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post #8 of 23 (permalink) Old 03-14-2013, 01:57 PM
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Quote:
Originally Posted by Palmetto_1600 View Post
I have never listened to the "small bike first" rule. If you get a small bike now, chances are in a year or less, you will want something bigger. A good friend told me before I got my first bike (a CBR 954) "get the bike you WANT. If that bike is a bigger bike, just remember, there are more than 2 positions to the throttle.

Best advice is find the bike that fits you physically and financially. Take some time to learn the bike in low traffic areas, and you will be golden! Good luck and have fun!
There is a bit of a difference betweeen sportbikes and cruisers though.

The biggest concerns with a sportbike, is clutch control (too high of an RPM and too quick of a clutch let off and you'll be standing in the same spot but the bike will be half a mile away!), and of course having the wherwithall to know your limits and not use the power beyond what you can handle (and being realistic ABOUT what you can handle).

With a cruiser, some of those same concerns aren't quite as much, save for big power cruisers like the V2K or some of the crazy V-4 machines. However, WEIGHT is a big concern with a cruiser. New riders on cruisers will often find themselves stopped at an angle or just being 'awkward' with the bike as they get used to it. An experienced rider will avoid those same situations, a new rider might not. They also may not be used to the weight. New riders on big cruisers (and I'm not saying people don't do it, I know lots of folks whose first bike was something like an Ultra Classic Electra Glide), are more apt to drop the bike than on a smaller cruiser, damaging that expensive new bike!

It's all purely individual. A larger guy with a lot of leg strength can handle a lot more than, say, my 5 foot tall wife!

You hit the nail on the head when you said 'fits' though, because FIT is the most important thing. Go check out some Harley riders and see what they think about small displacement rules. They'll scratch their head and say "what's that?". SOME of them MAY have started on a 900 or 1200cc sportster, but aside from that Harley only makes big displacement twins (currently 1600cc and up). LOTS of folks start on those. They find one that fits right, and go! But again! LOTS of them drop them in the first couple months of owning them. So the OP just needs to figure out where he is in that. Maybe sit on the 1700 in a dealer and lean it left and right and see how heavy it feels compared to the 900, and determine which is more ideal. I think you'll find that both the 1700 and the 900 feel about the same aside from the weight. I've ridden the 1700 (Classic and Voyager) and both times I really regarded them as a heavy 900, because they felt pretty much the same fit-wise.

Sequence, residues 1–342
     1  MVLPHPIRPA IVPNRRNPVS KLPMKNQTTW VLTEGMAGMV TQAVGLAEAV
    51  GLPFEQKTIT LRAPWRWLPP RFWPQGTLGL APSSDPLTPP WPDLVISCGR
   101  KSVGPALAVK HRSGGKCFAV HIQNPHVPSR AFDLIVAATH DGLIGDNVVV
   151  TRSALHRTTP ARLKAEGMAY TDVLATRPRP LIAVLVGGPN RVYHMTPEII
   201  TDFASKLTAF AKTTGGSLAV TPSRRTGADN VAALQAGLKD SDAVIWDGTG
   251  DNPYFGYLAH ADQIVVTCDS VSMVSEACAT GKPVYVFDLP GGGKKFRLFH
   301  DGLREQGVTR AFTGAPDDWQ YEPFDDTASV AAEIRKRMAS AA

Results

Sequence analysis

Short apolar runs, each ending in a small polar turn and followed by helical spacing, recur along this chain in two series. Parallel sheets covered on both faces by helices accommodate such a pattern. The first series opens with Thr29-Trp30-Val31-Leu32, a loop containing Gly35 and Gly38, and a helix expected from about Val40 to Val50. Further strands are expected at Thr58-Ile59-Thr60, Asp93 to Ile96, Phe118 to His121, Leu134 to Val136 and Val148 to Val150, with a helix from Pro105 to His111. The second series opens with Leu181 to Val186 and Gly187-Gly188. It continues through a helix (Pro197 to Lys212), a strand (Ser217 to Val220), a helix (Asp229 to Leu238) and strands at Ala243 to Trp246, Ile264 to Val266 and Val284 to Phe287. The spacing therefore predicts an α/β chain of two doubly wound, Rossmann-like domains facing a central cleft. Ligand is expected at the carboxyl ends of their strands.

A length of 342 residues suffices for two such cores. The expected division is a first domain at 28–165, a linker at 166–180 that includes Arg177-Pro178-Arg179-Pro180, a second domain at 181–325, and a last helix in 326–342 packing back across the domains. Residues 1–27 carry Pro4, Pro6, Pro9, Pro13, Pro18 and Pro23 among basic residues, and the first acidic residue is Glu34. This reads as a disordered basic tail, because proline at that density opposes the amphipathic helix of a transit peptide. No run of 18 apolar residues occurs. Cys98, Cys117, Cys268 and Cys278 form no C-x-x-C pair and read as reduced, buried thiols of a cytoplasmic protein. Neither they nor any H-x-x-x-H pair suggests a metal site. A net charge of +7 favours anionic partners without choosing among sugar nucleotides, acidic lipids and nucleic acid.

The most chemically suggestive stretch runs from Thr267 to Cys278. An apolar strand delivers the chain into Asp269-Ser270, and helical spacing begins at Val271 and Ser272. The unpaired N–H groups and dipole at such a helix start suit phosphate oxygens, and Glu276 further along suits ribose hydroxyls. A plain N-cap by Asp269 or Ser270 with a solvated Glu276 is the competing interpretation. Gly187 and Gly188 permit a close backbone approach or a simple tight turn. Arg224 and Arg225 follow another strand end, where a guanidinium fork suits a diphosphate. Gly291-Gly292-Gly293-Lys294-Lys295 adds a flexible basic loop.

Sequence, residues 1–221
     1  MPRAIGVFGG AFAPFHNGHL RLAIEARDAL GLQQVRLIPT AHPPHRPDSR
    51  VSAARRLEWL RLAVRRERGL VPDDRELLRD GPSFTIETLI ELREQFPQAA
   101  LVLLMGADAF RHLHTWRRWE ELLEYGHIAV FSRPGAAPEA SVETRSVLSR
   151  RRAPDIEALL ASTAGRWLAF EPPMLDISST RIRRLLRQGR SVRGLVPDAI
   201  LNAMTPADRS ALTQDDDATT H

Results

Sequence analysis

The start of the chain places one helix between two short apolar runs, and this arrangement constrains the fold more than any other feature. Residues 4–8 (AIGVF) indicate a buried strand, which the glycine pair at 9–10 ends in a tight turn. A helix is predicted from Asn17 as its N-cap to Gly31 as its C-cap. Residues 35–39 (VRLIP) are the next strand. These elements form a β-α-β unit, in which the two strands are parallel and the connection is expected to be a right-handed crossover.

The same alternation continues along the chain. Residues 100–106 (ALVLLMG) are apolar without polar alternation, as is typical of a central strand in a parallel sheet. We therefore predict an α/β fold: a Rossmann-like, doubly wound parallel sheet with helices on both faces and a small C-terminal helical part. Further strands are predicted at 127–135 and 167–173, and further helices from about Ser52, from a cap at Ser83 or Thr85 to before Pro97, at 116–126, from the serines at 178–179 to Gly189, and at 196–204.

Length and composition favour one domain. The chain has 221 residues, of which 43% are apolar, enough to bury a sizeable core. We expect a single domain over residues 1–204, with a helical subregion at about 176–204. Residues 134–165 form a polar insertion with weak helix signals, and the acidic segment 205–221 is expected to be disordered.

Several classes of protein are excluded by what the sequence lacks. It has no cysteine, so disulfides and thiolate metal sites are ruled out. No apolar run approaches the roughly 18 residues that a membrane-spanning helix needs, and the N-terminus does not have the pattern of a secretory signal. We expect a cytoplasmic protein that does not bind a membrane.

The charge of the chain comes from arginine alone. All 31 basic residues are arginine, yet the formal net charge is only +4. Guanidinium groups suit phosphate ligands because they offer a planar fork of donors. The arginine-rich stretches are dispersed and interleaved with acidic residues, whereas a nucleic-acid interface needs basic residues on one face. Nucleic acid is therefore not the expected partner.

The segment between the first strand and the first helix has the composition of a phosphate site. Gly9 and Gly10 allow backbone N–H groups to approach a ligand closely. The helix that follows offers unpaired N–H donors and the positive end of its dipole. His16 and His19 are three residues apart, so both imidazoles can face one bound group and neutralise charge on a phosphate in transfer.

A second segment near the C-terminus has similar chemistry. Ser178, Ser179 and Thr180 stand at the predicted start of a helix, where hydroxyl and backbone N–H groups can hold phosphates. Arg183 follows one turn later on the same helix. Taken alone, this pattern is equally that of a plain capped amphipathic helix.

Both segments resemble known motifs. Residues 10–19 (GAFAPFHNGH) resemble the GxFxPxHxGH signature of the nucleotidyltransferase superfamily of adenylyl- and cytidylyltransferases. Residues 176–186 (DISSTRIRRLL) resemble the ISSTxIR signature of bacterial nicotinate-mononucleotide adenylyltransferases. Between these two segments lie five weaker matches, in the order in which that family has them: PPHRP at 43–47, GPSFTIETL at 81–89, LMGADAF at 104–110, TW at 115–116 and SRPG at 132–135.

That said, the suspension and amenities of the 1700 sure was nice! However, knowing a couple situations when I was learning where I ALMOST dropped the 900, I WOULD have dropped a 1700, so I'm glad I went the 900 route. The 900 is also a bike folks aren't in a hurry to trade in. It's not that the 1700's aren't nice, it's just that the 900 is a lot more bike than you'd think a 900cc machine would be. I'll hang on to mine for a long time I think.

"8 But God demonstrates his own love for us in this: While we were still sinners, Christ died for us."

Romans 5:8 (NIV)

2014 Kawasaki Vulcan 1700 Vaquero ABS SE
iPod Connector Kit, Kuryakyn Highway Pegs, Mustang Touring Seat, Marvella's Hitch, Kuryakyn Trailer Wiring Kit, Haul-Master Tag-a-Long Cargo Trailer

2011 Honda Shadow Aero 750 (Wife's)

Memphis shades quick-release windshield, OEM Solo Seat, Mustang Fender Bib, Chrome Solo Luggage Rack

Past: 2006 Vulcan 900 Classic LT
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post #9 of 23 (permalink) Old 03-14-2013, 02:05 PM
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True about the size of the person... however, since the OP is well over 6 foot and has plenty of mass, I'm sure he can pull even the 2k back to center if need be. I am 5'9" and have had to do so with my 1600 more than once... usually because the wife is on the back and adjusting herself as I come to a stop... Point still being, get the bike you want... I just wouldn't jump on any ole road for my first trip. There are still roads I won't travel on my bike. Not because of the bike, but because of the "cagers"... Seems everyone is on their cell phone these days. No one can stay in their own lane. anyway, just my 2 cents...
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post #10 of 23 (permalink) Old 03-14-2013, 02:14 PM
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Quote:
Originally Posted by Palmetto_1600 View Post
True about the size of the person... however, since the OP is well over 6 foot and has plenty of mass, I'm sure he can pull even the 2k back to center if need be. I am 5'9" and have had to do so with my 1600 more than once... usually because the wife is on the back and adjusting herself as I come to a stop... Point still being, get the bike you want... I just wouldn't jump on any ole road for my first trip. There are still roads I won't travel on my bike. Not because of the bike, but because of the "cagers"... Seems everyone is on their cell phone these days. No one can stay in their own lane. anyway, just my 2 cents...
I'm not trying to start a fight, as you seem to know way more than me about this stuff... but I would chaulk a lot of your ability to skill and not simple physics. True-newbie riders don't automatically use their skills and weight to their best advantage as often as veteran riders. If the OP is indeed concerned with the power of a 1700 I would lump them into the conservative category and suggest they go and sit on both bikes and lean them around. A lot of dealers (at least mine) was pretty OK with me even shifting to neutral and rolling the bikes back and forth to get a feel for the weight...

If the 'poundage' of the 1700 worries you now, you might want to look at the lighter bike.

2012 Vulcan 900 Classic
Detachable Windshield
Saddle bags

:: You know you live in the future, when you require Tech Support to read your book. ::